A horrible film adaptation of Shakespeare's play. Those 2 bloated egos - Elizabeth Taylor and Richard Burton, literally, tore, ripped, and chewed this film's story to absolute shreds.
I agree with Nursebob's assessment, this rendition of the classic play is a delight. The mature approach to the script by two well lauded and experienced actors at the apex of their careers, caught in their own caustic strivings as their personal marriage disintegrated, was a delight to behold. One wonders how much of the script and acting was Shakespeare and how much a forum reflecting their own internal struggles? An enjoyable romp through a by gone era while absorbing the culture of the time!
I liked it. Totally disagree with 'Akirakato' there. Its supposed to be a classic, do you know what that means?? It means its not a modern movie with modern language. This movie embraces what Shakespeare is all about, if they adapt it to be current then it will lose that vital essence of what the original creator wanted it to have.
I like it. 4 stars for moi!
30 minutes into the movie there come no gripping, no funny and no fascinating scenes.
This is supposed to be a lavish screen production of the classic Shakespearean play.
However, it is such a slow-paced, below-average-acting, monotonous and boring film that I couldn't stand seeing more than that.
We aren't in the days of Shakespeare.
The director and writer should've adapted the original play so that the film might be able to satisfy the expectation of the current audience.
Even though Zeffirelli took many liberties with Shakespeare’s caustic comedy, paring away much of its complexity in the process, this brash costume epic still manages to float thanks in large part to the combined star power of Richard Burton and Elizabeth Taylor. In prosperous Padua wealthy merchant Baptista is eager to marry off his two daughters. Young Bianca, beautiful and demure, has no shortage of suitors—-in fact a few overly eager bachelors have resorted to outrageous subterfuge in order to win her hand. But alas, according to custom Bianca cannot wed until her older sister, Katharina, finds a husband of her own. And therein lies the film’s comedic wellspring for “Kate” is a foul-tempered, acid-tongued dragon who terrorizes her family and sends all eligible men running for cover. Kate eventually meets her match however when the drunken opportunist Petruchio stumbles into town looking to “thrive and wive” and is immediately steered towards the surly maiden and her handsome dowry. What follows is an all out Elizabethan battle of the sexes in which Katharina, the cards already stacked against her thanks to her gender, goes head-to-head agains the gruff and implacable Petruchio who is determined to bring her to heel at any cost. One of Shakespeare’s more problematic plays, at least to 21st century sensibilities, Kate’s transformation from fiery hellcat (or independent spirit?) to domesticated hausfrau can be interpreted as either a straightforward example of 16th century sexism or, with a small stretch of the imagination, a subtle rebuke steeped in irony and satire. Certainly Kate’s closing monologue concerning a woman’s happy subservience to her lord and master will forever be open to heated discussions. But no matter, this is still a lively, raucous free-for-all full of pageantry and rich Renaissance backdrops all set to an airy score by Nino Rota. Although lacking the lush romanticism of his later Romeo and Juliet (1968), Zeffirelli nevertheless manages to infuse a spirited passion into this film adaptation. And when those sparks begin to fly between Burton and Taylor the erotic overtones are unmistakable.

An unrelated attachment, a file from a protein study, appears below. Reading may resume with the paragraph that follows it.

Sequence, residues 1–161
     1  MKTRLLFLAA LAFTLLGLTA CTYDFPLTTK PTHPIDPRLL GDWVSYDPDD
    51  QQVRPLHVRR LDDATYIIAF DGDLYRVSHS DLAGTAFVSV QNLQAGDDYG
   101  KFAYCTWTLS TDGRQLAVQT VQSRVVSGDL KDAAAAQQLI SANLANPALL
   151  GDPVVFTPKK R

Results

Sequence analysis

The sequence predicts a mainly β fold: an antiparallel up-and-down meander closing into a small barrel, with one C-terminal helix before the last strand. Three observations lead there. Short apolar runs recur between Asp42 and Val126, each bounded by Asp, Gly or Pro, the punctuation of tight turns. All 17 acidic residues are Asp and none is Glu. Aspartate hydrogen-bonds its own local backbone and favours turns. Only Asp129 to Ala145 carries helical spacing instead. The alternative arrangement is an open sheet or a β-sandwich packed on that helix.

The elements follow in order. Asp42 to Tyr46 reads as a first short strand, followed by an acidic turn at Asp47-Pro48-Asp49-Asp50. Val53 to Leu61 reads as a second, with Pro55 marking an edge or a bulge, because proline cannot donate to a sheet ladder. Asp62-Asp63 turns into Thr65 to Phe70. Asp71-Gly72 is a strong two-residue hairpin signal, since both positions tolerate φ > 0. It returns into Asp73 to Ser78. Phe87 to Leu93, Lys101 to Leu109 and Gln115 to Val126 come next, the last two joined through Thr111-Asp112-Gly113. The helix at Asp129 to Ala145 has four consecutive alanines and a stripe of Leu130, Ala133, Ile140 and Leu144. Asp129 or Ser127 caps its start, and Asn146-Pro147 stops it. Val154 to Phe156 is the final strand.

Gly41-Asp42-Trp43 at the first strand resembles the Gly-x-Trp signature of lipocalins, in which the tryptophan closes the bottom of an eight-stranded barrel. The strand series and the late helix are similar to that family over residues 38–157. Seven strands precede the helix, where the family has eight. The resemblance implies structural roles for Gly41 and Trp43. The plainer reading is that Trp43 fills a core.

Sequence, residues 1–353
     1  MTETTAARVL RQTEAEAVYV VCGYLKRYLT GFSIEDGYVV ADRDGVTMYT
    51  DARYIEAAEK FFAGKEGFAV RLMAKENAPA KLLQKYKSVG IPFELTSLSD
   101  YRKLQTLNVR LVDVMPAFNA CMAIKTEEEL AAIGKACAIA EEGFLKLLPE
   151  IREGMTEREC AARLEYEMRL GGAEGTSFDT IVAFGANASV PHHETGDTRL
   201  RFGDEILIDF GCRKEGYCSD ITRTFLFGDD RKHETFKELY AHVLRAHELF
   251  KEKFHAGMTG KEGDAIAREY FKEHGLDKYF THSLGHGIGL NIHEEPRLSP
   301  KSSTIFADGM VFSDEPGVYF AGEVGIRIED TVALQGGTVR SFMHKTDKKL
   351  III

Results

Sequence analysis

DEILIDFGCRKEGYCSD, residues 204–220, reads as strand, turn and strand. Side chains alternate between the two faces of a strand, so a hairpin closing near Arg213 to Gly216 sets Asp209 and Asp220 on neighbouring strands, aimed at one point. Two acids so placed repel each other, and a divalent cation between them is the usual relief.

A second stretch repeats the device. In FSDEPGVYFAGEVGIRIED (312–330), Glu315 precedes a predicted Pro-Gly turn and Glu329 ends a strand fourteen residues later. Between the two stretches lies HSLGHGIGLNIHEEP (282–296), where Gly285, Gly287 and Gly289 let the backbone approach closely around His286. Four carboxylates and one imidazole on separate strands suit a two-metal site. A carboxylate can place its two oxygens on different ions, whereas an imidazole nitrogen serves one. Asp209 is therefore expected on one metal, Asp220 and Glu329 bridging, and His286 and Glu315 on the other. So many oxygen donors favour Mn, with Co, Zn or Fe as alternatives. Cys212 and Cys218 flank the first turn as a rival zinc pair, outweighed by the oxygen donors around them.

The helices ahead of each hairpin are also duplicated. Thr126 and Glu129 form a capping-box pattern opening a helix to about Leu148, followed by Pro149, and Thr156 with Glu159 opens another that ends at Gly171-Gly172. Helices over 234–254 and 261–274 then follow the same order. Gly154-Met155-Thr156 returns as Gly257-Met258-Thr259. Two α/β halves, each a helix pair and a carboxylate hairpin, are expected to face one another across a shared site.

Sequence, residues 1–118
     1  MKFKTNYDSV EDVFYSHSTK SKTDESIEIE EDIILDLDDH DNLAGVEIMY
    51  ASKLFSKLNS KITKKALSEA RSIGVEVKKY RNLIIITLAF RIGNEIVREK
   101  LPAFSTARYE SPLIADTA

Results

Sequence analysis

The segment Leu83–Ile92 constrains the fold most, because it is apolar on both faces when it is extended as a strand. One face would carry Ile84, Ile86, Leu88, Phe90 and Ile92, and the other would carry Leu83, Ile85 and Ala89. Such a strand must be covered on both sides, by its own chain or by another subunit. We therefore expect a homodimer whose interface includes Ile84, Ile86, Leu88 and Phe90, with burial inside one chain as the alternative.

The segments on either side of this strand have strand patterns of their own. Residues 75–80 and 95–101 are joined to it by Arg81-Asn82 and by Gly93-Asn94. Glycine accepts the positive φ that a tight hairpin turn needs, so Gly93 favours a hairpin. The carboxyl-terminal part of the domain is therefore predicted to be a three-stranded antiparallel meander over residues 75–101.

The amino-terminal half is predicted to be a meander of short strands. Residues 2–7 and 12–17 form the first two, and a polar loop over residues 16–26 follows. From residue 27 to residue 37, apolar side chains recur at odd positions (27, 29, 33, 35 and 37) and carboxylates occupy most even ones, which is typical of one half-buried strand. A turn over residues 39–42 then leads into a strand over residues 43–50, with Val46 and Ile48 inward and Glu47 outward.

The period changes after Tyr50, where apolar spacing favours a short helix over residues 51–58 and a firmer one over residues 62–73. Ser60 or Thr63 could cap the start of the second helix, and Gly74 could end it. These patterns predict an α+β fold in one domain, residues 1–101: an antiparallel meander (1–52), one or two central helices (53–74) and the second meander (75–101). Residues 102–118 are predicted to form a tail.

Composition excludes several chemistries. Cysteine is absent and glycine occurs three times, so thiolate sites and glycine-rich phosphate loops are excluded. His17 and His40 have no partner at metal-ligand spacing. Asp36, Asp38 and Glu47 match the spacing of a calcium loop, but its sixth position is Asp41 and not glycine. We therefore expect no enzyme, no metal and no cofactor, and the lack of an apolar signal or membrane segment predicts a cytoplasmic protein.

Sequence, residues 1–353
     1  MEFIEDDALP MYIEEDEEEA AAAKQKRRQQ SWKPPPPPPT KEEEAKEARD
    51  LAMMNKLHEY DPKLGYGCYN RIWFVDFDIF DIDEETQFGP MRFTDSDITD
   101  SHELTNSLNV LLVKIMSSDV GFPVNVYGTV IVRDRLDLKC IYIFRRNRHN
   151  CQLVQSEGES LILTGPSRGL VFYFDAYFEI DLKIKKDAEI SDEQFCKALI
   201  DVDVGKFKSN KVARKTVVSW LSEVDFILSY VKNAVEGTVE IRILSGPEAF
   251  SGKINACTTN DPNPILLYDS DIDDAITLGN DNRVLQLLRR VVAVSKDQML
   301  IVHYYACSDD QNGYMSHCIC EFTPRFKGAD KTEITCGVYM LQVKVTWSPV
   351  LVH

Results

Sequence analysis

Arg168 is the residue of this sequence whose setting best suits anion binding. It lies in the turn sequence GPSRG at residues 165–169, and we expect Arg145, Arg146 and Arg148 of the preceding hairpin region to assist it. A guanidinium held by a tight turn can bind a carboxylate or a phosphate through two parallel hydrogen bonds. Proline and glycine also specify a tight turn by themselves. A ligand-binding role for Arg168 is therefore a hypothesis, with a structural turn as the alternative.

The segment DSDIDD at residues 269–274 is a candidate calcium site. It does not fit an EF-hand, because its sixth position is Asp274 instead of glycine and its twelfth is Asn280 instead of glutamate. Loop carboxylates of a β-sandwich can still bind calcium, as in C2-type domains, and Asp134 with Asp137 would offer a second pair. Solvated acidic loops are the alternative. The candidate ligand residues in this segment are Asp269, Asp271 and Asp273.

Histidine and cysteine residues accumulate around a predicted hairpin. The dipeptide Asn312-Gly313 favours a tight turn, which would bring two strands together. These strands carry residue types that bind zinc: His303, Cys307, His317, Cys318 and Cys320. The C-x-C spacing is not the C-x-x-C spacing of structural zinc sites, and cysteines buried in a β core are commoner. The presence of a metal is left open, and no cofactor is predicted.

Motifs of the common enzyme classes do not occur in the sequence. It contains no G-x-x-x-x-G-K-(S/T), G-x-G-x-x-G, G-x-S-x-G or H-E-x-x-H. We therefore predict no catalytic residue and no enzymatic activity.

Despite elegant costumes and its much-lauded direction by Franco Zeffirelli, this Shakespearean marital comedy failed to deliver. As a viewer, it didn't work its magic on me. ~~~ This film's disappointment-factor was mainly due to its 2 lead actors, Elizabeth Taylor & Richard Burton, for (1) Being too old for their parts (She, 35. He, 42), as well as (2) Both of them being co-producers of this less-than-satisfying production. ~~~ In my opinion, these 2, together, literally ground Shakespeare's 16th Century play right into the dirt without even giving it a fair chance to really breathe and come to life. ~~~ Featuring lots of irksome scenery-chewing by Taylor (who, as usual, wore way too much mascara and eyebrow pencil) and plenty of pompous bellowing by Burton (who was nothing but an egocentric windbag), this 1967 costume comedy certainly did wonders for encouraging spousal abuse from both sides of the matrimonial bed. ~~~ Apparently, this $4 million production was a huge, box-office hit upon its initial release. But, now, 47 years later, it sucks. Had this film's 2-hour running time been reduced by a good 30 minutes, then, yes, perhaps that might've helped matters, somewhat.
Very well acted by all involved. Great portrayal of Shakespeare's work. Nothing against this movie, but of course, being a modern woman, I don't really like the concept of a woman being subject to the man. I think of marriage as more of a partnership. But Elizabeth Taylor must have felt the same way, because she puts a fabulous twist at the end. Not fully rebellious, but certainly not fully tamed. :) All in all, good movie!
There are no ages for this title yet.
There are no summaries for this title yet.
There are no notices for this title yet.
There are no quotes for this title yet.